He pointed out that Milk SA was a co-author of the SABS National Standard for the Welfare of Dairy Cattle (SANS 1694:2018), which was widely promoted among industry role-players. This document addresses the management of and provision for dairy calves in detail. In addition, the organised dairy industry through DSA, has issued the Code of Practice for Milk Producers since 2013, which also addresses the welfare of dairy animals, including calves.

“It needs to be emphasised that the majority of dairy producers care greatly for their animals and adhere to animal welfare standards. Unfortunately, Milk SA does not have authority over persons purchasing dairy calves. However, the welfare of dairy calves does not end at the farm gate. As a result, Milk SA has been encouraging dairy producers to only sell their calves to trustworthy and responsible calf buyers that adhere to certain minimum standards. Therefore, we strongly recommend the use of a written agreement between producer and buyer that stipulates the conditions under which calves are to be transported and kept.”

The role of organised agriculture

Milk SA is a member of the National Animal Health Forum (NAHF) and the Livestock Welfare Coordinating Committee (LWCC). MPO is also a member of the latter. The main objective of LWCC is to act proactively to promote the humane and responsible handling of production livestock. Therefore, LWCC also works closely with the SPCA as required.

Dr Chimes has been in discussions with SPCA, LWCC, NAHF, the Abattoir Association and SABS over the past few months in an effort to improve and coordinate the various standards with regard to the welfare of dairy cattle.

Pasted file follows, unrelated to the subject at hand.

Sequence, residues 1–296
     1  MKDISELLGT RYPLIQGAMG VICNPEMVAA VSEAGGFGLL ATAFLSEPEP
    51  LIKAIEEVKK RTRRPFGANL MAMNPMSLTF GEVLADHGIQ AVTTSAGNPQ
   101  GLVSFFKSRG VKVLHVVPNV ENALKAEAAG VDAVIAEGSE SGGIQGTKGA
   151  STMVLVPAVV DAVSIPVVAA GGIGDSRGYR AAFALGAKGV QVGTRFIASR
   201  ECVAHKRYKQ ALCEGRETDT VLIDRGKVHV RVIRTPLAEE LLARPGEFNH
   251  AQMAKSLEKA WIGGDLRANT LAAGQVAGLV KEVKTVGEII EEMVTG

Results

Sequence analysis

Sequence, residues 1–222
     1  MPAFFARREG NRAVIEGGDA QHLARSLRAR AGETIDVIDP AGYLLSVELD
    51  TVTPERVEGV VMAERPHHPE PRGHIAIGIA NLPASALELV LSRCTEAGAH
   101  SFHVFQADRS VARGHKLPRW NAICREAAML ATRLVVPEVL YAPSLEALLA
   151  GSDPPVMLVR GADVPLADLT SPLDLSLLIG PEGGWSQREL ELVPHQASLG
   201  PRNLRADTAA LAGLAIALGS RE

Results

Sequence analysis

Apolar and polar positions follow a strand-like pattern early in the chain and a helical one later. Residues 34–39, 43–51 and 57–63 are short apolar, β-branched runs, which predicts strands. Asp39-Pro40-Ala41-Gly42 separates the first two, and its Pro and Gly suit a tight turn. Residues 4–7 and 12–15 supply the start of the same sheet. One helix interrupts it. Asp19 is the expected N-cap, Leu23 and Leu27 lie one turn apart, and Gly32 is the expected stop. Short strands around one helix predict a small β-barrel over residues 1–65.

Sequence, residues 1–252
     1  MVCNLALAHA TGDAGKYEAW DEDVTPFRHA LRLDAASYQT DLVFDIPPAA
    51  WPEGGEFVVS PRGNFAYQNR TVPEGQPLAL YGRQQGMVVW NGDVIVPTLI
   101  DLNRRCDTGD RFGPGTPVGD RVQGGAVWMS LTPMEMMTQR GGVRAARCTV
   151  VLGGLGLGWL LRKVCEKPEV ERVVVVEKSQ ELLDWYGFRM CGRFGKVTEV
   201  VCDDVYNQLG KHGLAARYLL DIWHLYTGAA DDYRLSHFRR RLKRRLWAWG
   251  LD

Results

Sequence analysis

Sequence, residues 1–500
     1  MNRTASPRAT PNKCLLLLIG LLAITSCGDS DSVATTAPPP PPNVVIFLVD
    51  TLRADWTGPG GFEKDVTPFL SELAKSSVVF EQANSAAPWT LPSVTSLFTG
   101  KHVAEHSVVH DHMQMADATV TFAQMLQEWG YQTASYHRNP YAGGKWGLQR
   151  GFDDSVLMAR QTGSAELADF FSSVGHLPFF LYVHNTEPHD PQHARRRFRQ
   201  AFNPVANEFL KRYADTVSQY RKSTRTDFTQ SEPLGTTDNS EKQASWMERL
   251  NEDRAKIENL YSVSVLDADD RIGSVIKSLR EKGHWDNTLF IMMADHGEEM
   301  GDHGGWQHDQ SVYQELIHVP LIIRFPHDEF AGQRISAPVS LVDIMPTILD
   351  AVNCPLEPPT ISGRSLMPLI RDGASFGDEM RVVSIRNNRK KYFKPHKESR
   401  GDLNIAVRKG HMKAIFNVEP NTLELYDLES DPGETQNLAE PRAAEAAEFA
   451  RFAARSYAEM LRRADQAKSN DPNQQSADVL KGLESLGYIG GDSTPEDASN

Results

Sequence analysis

In addition, the DSA audits dairy farms to ensure their compliance with food safety, product quality, public health, animal welfare and environmental standards on behalf of certain milk processing companies. Unfortunately, these audits are not compulsory for dairy farms, as this is a voluntary initiative of DSA.

The voluntary SABS standard, SANS 1694: 2018 “The welfare of dairy cattle”, clearly states that dairy calves shall be monitored so that temperature and atmospheric conditions do not adversely affect the welfare of dairy calves. Calves should also be fed milk or a milk replacer at least twice a day and they should have constant access to clean drinking water. The standards also dictate that dairy calves shall not be transported unless they are at least ten days old.

According to regulations in terms of the Meat Safety Act of 2000 (Act No 40 of 2000), calves may not be held at the abattoir for more than 48 hours and in the case of unweaned calves under the age of three months, feeding must be provided with milk or milk substitute within 12 hours. The Meat Inspection Manual prescribes that no person shall slaughter a calf unless it is at least 21 days old and is in a well-nourished condition.

“An incident such as this,” Dr Chimes concluded, “does untold harm to the dairy industry and clouds all the hard work that the entire dairy industry has put into promoting animal health and welfare.”

For more information, contact Dr Chimes on 074 510 7316 or mark@dairystandard.co.za. – Izak Hofmeyr, Plaas Media